Authors and innovators in Lean Software development, Lean thinkers https://www.leanblog.org/391 My guests for Episode #391 are Mary Poppendieck and Tom Poppendieck, the authors of books including Lean Software Development: An Agile Toolkit, Implementing Lean Software Development, and The Lean Mindset: Ask the Right Questions. In the episode, we'll hear their thoughts on Lean as "a way of thinking that values people" and how teamwork, problem solving, and customer focus are integral to Lean -- in software or otherwise. How can we build capabilities for problem solving ("producing people") and how can we "learn how to learn"? Questions, Links, and More How did you first discover Lean? How did you come to see the potential applications to software development? You published Lean Software Development in 2003 -- how do you define that term “Lean” and what does it mean to you? How has your view of Lean evolved over those 17 years? What have you learned about Lean / TPS from visiting Japan? Your 2013 book is called "The Lean Mindset" -- as the subtitle says, asking the right questions is important... why so? How do we know what the right questions are? 2009 -- Leading Lean Software Development -- another provocative subtitle... "results are not the point" -- what do you mean? LeanEssays.com Their website: http://poppendieck.com/ Mary on Twitter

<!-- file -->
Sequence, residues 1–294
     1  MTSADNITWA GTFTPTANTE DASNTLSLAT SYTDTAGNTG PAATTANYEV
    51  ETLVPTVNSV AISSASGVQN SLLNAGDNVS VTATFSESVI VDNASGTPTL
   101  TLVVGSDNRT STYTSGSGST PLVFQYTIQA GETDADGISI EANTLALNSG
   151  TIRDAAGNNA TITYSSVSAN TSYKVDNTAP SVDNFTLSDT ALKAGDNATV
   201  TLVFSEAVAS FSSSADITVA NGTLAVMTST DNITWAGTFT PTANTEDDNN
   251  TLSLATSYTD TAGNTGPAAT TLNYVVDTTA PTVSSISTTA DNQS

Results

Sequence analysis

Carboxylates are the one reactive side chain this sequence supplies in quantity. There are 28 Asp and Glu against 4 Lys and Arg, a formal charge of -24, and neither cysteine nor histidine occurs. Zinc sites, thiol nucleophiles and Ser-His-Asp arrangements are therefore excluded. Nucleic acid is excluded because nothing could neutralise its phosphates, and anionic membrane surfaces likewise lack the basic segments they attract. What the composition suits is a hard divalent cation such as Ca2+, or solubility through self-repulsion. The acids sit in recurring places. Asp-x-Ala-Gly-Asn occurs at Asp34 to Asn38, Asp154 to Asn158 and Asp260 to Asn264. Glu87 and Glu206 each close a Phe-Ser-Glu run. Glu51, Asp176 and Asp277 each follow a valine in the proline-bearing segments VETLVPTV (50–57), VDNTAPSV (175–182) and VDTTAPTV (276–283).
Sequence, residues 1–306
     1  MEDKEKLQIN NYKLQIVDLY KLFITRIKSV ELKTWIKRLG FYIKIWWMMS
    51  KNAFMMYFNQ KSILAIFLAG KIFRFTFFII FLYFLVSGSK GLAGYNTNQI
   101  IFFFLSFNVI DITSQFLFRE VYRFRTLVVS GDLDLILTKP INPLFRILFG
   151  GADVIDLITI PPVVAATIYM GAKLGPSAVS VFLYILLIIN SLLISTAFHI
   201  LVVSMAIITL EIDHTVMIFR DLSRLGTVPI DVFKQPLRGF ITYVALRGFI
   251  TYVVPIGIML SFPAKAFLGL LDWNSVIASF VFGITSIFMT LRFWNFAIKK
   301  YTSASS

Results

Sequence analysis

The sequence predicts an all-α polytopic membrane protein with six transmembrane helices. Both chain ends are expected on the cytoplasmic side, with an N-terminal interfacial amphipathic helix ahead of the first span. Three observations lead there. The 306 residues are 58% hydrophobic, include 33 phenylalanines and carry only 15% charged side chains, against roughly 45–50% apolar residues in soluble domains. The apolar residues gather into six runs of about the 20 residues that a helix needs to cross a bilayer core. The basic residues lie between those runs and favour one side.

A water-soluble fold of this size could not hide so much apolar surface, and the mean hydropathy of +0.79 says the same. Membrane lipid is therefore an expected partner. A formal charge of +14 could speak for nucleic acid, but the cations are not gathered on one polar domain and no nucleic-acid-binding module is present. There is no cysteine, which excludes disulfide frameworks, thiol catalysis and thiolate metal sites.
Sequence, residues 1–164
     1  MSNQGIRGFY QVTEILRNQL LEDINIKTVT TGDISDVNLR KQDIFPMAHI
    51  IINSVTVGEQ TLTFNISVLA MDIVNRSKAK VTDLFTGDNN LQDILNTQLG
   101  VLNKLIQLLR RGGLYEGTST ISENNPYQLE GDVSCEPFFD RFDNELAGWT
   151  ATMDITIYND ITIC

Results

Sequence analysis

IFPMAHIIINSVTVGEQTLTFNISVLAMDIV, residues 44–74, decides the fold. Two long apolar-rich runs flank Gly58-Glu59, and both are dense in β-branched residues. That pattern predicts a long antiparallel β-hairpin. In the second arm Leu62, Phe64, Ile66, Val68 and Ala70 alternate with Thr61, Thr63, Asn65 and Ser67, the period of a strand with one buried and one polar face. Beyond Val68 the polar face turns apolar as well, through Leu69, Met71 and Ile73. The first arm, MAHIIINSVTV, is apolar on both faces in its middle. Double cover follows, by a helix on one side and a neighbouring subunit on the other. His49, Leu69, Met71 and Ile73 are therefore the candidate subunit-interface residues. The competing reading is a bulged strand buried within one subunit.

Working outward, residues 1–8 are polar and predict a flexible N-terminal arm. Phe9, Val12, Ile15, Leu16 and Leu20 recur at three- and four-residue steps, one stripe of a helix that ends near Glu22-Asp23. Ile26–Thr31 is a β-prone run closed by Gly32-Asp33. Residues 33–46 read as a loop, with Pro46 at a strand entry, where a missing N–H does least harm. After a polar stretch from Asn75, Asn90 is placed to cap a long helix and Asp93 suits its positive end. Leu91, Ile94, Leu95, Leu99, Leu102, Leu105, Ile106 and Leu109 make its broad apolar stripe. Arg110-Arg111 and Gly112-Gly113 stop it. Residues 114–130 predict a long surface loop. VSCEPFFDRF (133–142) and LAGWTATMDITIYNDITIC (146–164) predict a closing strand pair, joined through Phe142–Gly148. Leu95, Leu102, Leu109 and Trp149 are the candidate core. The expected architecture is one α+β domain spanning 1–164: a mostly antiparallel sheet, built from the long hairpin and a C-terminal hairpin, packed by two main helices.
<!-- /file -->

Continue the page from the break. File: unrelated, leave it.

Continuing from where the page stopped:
65 minutes | 4 months ago
Keith Ingels on "Adopting and Adapting" TPS to the Raymond Lean Management System
Manager at Raymond Corporation (part of Toyota) Show notes, with transcript and more: https://www.leanblog.org/390 My guest for Episode #390 is Keith Ingels, the TPS (Toyota Production System) Manager for Raymond Corporation -- Raymond is part of Toyota Material Handling North America, which is part of Toyota Industries. Wait, so a Toyota company needs a "TPS Manager?" Yes, when that company was acquired by Toyota, which creates a need to "become more like Toyota" instead of just "being Toyota." What are the differences between TPS and the Raymond Lean Management System, if any, and why does that terminology matter? What is the "adopt and adapt" strategy and why is that so important? I want to thank Raymond Corp. for making Keith available and for sharing the videos and resources that I've linked to below. Also, here is an article that Keith had published recently on shifting to a culture of continuous improvement.